Migration Update

Can it be that time already?  Most Neotropical birds have passed through the Lower Susquehanna River Watershed on their way south and the hardier species that will spend our winter in the more temperate climes of the eastern United States are beginning to arrive.

Here’s a gallery of sightings from recent days…

During the past two weeks, thousands of Broad-winged Hawks, including this adult bird, crossed the skies of the lower Susquehanna valley on their way to Central and South America for our winter.
A juvenile Broad-winged Hawk passes into the sunset during its first autumn migration.
Blackpoll Warblers are among the last of the Neotropical species to transit the region.  They’ll continue to be seen locally through at least early October.
Blue-headed Vireos are the October vireo during the fall, the other species having already continued toward tropical forests for a winter vacation.
The lower Susquehanna region lies just on the northern edge of the wintering range of the Blue-gray Gnatcatcher, a species found nesting locally among treetops in deciduous woods.  Look for their numbers to swell in coming days as birds from further north begin rolling through the region on their way south.
Sharp-shinned Hawks delight visitors at ridgetop hawk watches during breezy late-September and early-October days.  They allow closer observation than high-flying Broad-winged Hawks due to their habit of cruising just above the treetops while migrating.
A Sharp-shinned Hawk glides over a lookout.
Late September/early October is falcon time at area hawk-counting stations, the Peregrine Falcon often being the most anticipated species.
Pale “Tundra Peregrines”, a subspecies that nests in the arctic, are strictly migratory birds in the Mid-Atlantic States.  They are presently passing through on their way to South America.  Like Neotropical songbirds, their long flights provide them with the luxury of never experiencing a winter season.
This Carolina Saddlebags and other migratory dragonflies, which normally leave the area by mid-September, are still lingering in the lower Susquehanna region, much to the pleasure of the falcons that feed upon them.
An male American Kestrel in pursuit of dragonflies found swarming around the lookout at Second Mountain Hawk Watch in Lebanon County, Pennsylvania.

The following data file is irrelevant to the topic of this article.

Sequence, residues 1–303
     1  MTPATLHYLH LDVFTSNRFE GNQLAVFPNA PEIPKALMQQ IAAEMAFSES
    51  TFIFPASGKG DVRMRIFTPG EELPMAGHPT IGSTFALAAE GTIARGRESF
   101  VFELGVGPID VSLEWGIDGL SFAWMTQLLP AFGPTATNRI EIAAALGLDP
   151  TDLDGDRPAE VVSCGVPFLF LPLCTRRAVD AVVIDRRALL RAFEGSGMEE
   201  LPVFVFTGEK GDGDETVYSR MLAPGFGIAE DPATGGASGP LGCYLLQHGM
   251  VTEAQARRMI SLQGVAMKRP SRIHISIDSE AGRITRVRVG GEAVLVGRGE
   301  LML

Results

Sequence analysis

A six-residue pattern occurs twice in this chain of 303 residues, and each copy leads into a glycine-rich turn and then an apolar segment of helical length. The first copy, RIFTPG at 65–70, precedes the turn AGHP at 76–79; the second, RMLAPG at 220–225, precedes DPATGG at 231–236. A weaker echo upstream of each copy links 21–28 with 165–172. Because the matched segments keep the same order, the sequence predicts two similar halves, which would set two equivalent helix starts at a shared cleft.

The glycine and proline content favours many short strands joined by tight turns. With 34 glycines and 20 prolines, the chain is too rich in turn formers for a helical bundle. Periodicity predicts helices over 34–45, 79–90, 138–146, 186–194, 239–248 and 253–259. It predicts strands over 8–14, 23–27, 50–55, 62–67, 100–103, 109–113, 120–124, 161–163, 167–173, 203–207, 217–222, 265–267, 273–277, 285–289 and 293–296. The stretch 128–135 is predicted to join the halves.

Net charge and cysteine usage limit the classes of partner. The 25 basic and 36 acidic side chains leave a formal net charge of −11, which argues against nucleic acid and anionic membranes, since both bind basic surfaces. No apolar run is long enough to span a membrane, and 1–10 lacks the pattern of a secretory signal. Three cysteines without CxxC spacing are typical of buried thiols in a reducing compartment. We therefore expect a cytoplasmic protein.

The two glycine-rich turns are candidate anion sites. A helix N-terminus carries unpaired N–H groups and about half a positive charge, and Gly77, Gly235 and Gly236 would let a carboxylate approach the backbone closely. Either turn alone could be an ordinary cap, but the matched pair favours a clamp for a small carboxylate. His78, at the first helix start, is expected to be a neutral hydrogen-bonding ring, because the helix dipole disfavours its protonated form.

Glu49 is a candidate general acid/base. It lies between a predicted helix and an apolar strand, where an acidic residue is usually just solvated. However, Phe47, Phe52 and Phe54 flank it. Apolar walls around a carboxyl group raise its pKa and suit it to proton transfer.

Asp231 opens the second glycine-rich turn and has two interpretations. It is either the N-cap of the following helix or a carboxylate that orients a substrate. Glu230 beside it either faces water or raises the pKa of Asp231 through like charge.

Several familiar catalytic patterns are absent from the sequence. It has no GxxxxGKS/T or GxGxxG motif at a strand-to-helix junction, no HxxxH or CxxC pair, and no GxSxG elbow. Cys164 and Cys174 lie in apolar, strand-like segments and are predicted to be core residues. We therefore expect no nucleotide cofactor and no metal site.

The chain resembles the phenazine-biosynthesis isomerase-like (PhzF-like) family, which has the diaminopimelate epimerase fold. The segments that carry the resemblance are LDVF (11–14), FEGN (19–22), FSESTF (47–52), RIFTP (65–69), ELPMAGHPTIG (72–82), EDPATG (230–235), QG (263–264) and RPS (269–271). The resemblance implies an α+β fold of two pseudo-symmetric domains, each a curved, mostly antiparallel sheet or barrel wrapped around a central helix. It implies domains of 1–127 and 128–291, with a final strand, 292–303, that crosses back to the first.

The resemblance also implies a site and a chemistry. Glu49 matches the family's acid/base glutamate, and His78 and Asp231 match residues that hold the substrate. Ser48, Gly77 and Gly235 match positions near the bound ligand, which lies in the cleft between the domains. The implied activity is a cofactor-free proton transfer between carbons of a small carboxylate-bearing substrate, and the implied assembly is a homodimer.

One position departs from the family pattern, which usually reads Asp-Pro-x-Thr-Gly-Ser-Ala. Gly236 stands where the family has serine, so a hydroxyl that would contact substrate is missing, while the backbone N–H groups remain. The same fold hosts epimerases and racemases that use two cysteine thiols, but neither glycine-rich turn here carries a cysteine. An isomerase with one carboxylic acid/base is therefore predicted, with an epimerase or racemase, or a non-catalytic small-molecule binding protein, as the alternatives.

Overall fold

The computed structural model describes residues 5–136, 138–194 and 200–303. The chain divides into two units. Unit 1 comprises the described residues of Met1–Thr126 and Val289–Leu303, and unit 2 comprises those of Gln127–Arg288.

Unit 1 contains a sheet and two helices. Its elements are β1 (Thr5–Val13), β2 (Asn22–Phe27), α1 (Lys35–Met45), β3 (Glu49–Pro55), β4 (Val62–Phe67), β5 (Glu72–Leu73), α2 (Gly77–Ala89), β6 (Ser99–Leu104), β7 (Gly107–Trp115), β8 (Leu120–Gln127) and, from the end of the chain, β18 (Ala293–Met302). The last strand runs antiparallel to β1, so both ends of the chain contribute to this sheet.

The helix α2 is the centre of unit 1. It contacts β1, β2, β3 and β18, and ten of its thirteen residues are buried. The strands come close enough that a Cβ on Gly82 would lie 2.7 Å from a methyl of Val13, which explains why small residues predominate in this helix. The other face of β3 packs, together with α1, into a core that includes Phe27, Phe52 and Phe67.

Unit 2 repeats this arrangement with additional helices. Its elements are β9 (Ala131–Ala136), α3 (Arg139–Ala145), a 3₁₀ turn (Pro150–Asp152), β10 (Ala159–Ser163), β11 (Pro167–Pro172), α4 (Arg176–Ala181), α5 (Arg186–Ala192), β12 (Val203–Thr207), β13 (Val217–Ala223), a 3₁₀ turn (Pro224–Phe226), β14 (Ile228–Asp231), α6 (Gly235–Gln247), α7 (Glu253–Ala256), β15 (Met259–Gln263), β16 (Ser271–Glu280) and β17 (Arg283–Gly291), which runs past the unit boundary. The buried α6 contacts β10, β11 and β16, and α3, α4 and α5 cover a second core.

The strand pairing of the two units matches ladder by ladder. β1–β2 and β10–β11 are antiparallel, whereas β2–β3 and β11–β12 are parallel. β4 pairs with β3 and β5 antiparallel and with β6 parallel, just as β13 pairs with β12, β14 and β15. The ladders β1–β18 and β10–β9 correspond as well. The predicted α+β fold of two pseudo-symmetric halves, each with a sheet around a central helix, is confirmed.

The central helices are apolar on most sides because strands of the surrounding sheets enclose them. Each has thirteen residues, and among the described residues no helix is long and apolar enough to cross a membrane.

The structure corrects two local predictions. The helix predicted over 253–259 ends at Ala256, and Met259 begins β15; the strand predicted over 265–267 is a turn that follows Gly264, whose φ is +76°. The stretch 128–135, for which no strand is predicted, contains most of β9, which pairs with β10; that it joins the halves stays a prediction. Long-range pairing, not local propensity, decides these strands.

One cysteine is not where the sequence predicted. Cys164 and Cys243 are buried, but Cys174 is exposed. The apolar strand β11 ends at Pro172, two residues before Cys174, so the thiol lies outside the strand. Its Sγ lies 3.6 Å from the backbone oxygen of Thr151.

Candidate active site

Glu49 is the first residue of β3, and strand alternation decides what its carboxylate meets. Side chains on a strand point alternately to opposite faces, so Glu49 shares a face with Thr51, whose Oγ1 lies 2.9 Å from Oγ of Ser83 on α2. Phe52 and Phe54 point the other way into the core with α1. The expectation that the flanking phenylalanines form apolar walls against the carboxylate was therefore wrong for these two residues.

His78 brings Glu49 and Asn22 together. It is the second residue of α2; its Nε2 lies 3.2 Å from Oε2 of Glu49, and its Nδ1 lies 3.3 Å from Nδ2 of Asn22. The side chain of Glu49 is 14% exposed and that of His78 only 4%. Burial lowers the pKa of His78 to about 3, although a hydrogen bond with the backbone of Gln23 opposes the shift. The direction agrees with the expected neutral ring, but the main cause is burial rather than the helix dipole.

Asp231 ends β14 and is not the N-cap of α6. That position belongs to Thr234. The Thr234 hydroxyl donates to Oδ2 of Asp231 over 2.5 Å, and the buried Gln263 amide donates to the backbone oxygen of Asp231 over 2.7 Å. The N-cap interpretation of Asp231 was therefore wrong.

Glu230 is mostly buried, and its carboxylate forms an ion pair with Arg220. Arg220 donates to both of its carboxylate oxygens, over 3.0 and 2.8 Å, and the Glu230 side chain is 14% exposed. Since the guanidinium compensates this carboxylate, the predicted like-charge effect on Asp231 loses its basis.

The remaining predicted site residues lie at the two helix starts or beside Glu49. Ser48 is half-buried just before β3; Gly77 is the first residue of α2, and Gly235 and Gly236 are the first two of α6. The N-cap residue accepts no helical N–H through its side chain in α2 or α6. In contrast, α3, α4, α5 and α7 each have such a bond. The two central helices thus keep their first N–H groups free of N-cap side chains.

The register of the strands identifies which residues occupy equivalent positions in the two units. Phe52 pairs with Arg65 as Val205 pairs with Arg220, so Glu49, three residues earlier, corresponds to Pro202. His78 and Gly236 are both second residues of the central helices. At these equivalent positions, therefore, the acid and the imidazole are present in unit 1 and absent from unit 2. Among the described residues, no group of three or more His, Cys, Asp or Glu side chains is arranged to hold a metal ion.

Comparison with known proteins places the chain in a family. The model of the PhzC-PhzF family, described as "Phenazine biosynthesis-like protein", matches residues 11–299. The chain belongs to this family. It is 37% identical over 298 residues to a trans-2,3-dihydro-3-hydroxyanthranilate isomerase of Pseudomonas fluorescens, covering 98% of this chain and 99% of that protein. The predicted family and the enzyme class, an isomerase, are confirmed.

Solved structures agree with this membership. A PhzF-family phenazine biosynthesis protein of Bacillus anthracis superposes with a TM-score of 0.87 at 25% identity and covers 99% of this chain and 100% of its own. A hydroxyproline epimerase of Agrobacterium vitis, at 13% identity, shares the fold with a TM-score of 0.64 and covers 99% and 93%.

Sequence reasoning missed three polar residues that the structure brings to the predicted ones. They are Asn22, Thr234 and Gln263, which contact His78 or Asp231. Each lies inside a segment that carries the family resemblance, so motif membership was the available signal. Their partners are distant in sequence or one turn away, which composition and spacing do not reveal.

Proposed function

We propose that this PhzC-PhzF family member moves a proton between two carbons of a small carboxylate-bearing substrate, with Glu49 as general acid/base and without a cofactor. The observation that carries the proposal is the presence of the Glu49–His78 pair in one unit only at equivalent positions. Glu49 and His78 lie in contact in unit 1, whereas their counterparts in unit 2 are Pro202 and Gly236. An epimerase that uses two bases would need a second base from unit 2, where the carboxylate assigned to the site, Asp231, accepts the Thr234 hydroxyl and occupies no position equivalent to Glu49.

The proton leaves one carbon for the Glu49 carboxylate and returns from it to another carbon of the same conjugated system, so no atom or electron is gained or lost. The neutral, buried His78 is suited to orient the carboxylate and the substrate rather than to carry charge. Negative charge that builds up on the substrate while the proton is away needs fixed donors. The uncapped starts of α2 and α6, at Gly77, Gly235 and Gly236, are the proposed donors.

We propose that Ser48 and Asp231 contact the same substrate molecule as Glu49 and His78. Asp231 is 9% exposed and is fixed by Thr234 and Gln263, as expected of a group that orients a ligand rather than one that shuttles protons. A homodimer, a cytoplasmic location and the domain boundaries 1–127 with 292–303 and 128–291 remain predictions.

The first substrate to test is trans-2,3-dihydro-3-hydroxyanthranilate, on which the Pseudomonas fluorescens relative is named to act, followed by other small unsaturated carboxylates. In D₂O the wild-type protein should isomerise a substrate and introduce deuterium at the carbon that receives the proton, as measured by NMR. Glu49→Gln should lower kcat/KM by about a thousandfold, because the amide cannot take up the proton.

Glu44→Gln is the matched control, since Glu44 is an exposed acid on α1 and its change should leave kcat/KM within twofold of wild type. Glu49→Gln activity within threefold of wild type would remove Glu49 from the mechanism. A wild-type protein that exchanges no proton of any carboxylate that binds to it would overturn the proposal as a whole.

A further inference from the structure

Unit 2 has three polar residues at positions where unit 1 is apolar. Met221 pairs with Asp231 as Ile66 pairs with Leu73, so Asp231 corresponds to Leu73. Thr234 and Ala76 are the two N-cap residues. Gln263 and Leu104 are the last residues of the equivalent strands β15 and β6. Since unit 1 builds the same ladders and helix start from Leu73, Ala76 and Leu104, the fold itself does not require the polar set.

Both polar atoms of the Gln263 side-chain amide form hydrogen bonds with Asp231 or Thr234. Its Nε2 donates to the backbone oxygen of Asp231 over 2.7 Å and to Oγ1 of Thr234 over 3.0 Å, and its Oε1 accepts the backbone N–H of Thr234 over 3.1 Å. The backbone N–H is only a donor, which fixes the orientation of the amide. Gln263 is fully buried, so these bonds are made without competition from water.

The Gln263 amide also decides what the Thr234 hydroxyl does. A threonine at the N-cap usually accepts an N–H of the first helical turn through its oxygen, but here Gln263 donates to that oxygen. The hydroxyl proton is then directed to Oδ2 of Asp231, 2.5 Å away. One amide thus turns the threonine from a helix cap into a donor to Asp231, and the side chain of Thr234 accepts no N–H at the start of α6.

A male American Kestrel stooping on a dragonfly.
Osprey will be among the birds of prey passing hawk watch sites during the coming two weeks.  The first week of October often provides the best opportunity for seeing the maximum variety of raptors at a given site.  On a good day, a dozen species are possible.
Seeing cinnamon-colored juvenile Northern Harriers is symbolic of the October migration flights.
Bald Eagles always thrill the crowd.
In addition to raptors, resident Common Ravens are regularly sighted by observers at hawk watches and elsewhere during the fall season.
Hawk-counting stations sometimes log movements of Red-bellied Woodpeckers during late September and early October.  This species has extended its range into the Lower Susquehanna River Watershed only during the past one hundred years, making these seasonal migration movements a recent local phenomenon.
Blue Jays are currently on the move with breeding birds from the forests of Canada and the northern United States moving south.  Hundreds can be seen passing a given observation point during an ideal morning.
Blue Jays find a pile of peanuts to be an irresistible treat.  Provide the unsalted variety and watch the show!

Be sure to click on these tabs at the top of this page to find image guides to help you identify the dragonflies, birds, and raptors you see in the Lower Susquehanna River Watershed…

    • Damselflies and Dragonflies
    • Birds of Conewago Falls
    • Hawkwatcher’s Helper: Identifying Bald Eagles and other Raptors

See you next time!

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